Kiss the cook: How to be a T&D gourmet

Fiona Woolf, CMS Cameron McKenna

In most countries the experience in developing transmission systems has proved to be extremely difficult, not only because of the strong adverse reaction of local interests but also for a variety of other reasons. The restructuring and reform of electricity industries around the world has added to the difficulties of ensuring that transmission capacity is adequate.

There has been a perception of over-investment in transmission that has resulted in regulators discouraging further investment and reducing rates of return on transmission.

In some countries, such as the U.S., utilities that expanded their transmission capacity to allow imports or exports would have found that any profits that they made would have been rebated to their customers under rate of return regulation (representing a surplus over allowed costs). They had no incentive to expand their systems to increase sources of supply or to reduce congestion costs.

Use choice ingredients

It can be demonstrated that, if the right ingredients and preparation methods are chosen, transmission will attract investment and become a vibrant business. Much depends on:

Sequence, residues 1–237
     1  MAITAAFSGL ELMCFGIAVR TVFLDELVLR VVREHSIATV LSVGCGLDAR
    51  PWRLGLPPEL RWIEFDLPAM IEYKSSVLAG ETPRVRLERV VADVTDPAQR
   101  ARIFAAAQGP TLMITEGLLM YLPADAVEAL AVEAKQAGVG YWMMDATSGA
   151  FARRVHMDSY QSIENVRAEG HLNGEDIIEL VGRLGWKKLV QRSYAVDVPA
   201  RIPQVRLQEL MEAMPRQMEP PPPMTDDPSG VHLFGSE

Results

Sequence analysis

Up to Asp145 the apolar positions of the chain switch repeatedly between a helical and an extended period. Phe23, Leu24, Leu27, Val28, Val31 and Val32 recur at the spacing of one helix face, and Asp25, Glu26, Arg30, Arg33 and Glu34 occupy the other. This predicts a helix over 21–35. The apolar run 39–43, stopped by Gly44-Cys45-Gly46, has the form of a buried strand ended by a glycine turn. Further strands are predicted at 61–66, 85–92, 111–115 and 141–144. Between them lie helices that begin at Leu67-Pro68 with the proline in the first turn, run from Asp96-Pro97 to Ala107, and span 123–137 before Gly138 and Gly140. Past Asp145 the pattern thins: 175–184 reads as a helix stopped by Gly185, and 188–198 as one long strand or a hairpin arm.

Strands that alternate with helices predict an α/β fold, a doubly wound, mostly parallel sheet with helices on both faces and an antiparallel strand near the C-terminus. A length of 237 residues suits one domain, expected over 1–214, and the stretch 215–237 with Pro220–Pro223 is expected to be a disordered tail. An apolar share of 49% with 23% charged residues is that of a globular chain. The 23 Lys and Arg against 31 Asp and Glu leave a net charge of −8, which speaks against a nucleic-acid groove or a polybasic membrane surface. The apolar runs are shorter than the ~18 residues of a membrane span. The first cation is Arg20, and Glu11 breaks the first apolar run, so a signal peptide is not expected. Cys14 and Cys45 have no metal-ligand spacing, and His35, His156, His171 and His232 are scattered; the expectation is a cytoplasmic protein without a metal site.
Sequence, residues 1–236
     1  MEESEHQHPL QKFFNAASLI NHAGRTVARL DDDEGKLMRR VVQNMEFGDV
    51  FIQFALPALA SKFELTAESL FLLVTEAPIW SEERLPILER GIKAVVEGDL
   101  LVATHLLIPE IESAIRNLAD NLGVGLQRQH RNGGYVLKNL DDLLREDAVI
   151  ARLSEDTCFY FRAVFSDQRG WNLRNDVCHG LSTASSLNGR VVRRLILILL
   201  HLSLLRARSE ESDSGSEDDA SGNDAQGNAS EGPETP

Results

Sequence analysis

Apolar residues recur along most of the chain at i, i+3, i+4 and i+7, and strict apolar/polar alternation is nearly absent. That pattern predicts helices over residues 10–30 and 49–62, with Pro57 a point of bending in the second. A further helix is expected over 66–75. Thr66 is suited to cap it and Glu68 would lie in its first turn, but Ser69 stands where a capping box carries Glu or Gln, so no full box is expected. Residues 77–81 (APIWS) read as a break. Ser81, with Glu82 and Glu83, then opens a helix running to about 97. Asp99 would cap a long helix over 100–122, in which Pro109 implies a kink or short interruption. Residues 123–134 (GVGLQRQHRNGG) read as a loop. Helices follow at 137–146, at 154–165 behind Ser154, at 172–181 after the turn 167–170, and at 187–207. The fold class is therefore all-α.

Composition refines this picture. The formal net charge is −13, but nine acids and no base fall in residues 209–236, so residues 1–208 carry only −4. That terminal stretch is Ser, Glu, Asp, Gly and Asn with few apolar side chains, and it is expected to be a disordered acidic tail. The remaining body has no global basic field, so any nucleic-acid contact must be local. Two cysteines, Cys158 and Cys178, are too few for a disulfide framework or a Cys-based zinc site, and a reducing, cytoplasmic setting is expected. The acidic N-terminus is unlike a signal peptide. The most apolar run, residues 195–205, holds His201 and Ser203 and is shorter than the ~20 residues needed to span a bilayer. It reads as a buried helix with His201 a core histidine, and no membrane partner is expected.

“- the cooks (ISOs, RTOs, transcos, independent transmission companies);
“- whether the open barbecue of the market place or the oven of regulation is used;
“- the essential ingredients from the design of the trading arrangements or the wholesale market;
“- the most appealing flavors of transmission pricing and transmission rights;
“- the raising agent (how market forces are captured);
“- the setting agent (how transmission is regulated);
“- the preparation (a redesigned planning coordination process);
“- timing—critical in all recipes (how the siting and permitting processes should be made more efficient without a radical redesign of the existing framework);
“- presentation (attracting constructive participation and taking into account the concerns of landowners and local communities).